Corn it is. The AdFarm North Dakota farm will grow Pioneer 39D97 corn on its acres this year. Cooperating Farmer Fred Lukens told us, “This is a 78-day Roundup Ready/Corn Borer double stacked hybrid. I’d had it in my plot for two years and it’s performed well with above average yield and above average dry down.
“Seventy-eight day corn is early maturing corn for our part of the world, where 82-85 day corn is more prevalent. It also has good yield potential: 39D97 did yield 190 bu/acre in a plot at Amenia, N.D., last year.” (The national average corn yield is around 156 bu/acre. Last year’s North Dakota average was around 115 bu/acre.)
Since 39D97 is a Bt corn, it will only go on 80% of the AdFarm acres. The other 20% will be seeded with Pioneer 39V05 corn, a Roundup Ready only variety that will go on as corn borer refuge acres.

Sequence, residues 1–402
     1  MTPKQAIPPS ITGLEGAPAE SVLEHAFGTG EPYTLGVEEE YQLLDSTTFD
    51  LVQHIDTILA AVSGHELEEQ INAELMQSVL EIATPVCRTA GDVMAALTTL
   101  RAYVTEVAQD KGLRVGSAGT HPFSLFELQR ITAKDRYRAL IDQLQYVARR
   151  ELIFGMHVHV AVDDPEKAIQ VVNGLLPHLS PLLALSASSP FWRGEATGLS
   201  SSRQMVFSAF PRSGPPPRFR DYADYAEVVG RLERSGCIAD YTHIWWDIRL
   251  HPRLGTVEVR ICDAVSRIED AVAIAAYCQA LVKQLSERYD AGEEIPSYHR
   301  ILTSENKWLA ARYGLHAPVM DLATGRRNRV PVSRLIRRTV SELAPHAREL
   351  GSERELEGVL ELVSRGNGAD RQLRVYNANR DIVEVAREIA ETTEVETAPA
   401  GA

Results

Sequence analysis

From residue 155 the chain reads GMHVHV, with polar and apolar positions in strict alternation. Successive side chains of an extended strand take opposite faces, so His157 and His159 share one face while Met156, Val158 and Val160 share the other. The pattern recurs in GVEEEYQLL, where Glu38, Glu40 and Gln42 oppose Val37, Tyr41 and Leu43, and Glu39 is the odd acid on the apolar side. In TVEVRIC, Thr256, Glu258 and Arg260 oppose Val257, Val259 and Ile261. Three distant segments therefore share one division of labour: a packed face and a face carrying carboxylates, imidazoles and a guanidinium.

Planting refuge acres alongside Bt corn crops is required by law. A refuge is anything that is not Bt corn. So for every 80 acres you plant of the Bt you have to plant 20 acres of the refuge. The thought behind refuge is that some insects are never exposed to Bt, so they have no resistance to it. The only way insects develop resistance is by exposure. Refuge acres generate insects that are never exposed to Bt so that they will mate with insects that are exposed to Bt. The result? Dilute the chances of the offspring being resistant and protecting the corn crop.
Last year’s AdFarm North Dakota crop, pinto beans, was harvested in November. Fred will apply fertilizer with his WilRich drill in the spring, ahead of seeding our corn.
What are your thoughts on our crop plan for 2010 ?
Keywords: AdFarm, AdFarm North Dakota farm crop, AdFarm ND crop, AdFarm ND farm, North Dakota corn, ND corn, Pioneer 39D97 corn, Roundup Ready corn, Pioneer 39V05 corn, corn borer refuge